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Harry Potter sparks scrums in Germany

BERLIN, Germany -- Thousands of children in Germany stayed up beyond the witching hour on Saturday to snap up the latest adventures of the teenage wizard Harry Potter.

German translations of the fourth of J.K Rowling's books, "Harry Potter and the Goblet of Fire," went on sale at midnight, with stores holding special parties to mark the occasion.

But not everyone was enchanted. Some tired parents and grumpy kids complained the events deteriorated into shoving matches as the crowds clamoured to be among the first to snap up their copies.

"This is not a kids' party, it's just jostling and shoving," said one forlorn 11-year-old boy who turned up at Berlin superstore Dussmann equipped like his hero with bookish round glasses and a broom.

"This is all about business," raged an elderly woman, furious about the price of refreshments at the launch, before storming out with her granddaughter.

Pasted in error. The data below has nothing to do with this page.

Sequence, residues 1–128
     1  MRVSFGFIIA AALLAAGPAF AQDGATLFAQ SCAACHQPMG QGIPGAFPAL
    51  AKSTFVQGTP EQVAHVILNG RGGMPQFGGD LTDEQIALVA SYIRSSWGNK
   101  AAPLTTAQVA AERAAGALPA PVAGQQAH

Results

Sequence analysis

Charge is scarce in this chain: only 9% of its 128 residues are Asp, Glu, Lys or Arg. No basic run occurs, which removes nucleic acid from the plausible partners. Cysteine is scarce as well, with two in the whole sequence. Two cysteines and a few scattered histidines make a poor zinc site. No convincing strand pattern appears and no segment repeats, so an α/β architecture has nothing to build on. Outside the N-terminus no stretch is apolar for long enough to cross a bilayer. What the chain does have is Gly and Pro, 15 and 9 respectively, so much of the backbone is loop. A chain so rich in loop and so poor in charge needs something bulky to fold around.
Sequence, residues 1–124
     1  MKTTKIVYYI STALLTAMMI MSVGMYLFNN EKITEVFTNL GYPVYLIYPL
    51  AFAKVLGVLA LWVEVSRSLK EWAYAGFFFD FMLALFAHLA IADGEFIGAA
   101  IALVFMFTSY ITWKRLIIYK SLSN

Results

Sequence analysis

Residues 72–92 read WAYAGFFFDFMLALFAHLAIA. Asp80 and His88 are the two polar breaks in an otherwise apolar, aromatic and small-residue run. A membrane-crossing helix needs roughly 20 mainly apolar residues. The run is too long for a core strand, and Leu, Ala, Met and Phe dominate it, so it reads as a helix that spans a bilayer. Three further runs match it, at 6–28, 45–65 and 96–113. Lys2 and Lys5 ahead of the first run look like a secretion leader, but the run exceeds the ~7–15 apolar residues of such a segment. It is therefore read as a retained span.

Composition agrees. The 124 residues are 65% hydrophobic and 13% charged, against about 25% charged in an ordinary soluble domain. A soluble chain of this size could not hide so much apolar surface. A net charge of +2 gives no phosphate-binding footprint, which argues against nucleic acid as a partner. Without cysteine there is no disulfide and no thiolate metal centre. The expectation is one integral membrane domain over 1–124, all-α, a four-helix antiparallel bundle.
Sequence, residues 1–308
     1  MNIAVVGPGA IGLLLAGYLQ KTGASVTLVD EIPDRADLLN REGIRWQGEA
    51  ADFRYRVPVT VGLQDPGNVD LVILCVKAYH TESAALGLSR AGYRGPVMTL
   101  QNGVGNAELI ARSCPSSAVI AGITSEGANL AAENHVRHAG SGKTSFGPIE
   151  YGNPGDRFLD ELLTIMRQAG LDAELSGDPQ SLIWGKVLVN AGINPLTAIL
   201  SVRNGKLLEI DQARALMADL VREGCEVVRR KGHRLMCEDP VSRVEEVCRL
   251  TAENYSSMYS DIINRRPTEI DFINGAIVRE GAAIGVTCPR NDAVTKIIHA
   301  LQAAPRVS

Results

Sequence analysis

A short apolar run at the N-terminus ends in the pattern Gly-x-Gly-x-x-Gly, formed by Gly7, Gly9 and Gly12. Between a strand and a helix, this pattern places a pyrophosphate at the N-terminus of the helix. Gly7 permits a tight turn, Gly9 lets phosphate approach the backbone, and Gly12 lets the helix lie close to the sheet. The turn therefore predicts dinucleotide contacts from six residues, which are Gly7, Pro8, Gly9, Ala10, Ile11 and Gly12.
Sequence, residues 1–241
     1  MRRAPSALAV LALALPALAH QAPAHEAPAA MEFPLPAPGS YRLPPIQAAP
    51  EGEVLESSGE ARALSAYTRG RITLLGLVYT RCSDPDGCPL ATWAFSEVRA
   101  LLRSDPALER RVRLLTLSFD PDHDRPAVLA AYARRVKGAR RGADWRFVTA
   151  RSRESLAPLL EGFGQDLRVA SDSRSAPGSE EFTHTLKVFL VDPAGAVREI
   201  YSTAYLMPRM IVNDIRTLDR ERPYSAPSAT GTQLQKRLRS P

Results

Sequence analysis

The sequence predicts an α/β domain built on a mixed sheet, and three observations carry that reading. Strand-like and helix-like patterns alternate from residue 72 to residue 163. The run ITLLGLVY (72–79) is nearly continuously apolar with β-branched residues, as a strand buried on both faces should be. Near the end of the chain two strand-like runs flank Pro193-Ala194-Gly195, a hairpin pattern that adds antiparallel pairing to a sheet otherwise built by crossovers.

About 3,500 visitors did stay on, however, to buy the 768-page book.

Retail parties in Munich and Cologne also saw brisk trade, selling thousands of copies in the first hour.

German fans could be forgiven if their patience has run a little thin. The book was published in Britain and the U.S. more than three months ago and has never been far from the top of the best-seller lists since then.

One group of enterprising German fans who decided they should not have to wait made an attempt to bring their hero to the masses in the summer but fell foul of the law.

UK queues
Potter fans queue to buy the book  

Fourteen-year-old Anna Koeleman, from Berlin, began translating an English copy of the latest book with a few school friends to while away the summer holidays.

Her father Bernd, a computer expert, recruited a few more Potter enthusiasts over the Internet and set up his own website on which the first six chapters soon appeared.

But the book's German publishers Carlsen-Verlag took legal action against Mr Koeleman.

He argued that he was simply encouraging German students to brush up their English language skills. Carlsen-Verlag did not see it that way.

Koeleman was served with an injuction under which he was forced to remove the amateur translation or face up to two years in prison or a fine of DM500,000 ($220,000).

Reuters contributed to this report.



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RELATED SITES:
Harry Potter site
Unofficial Harry Potter fan club

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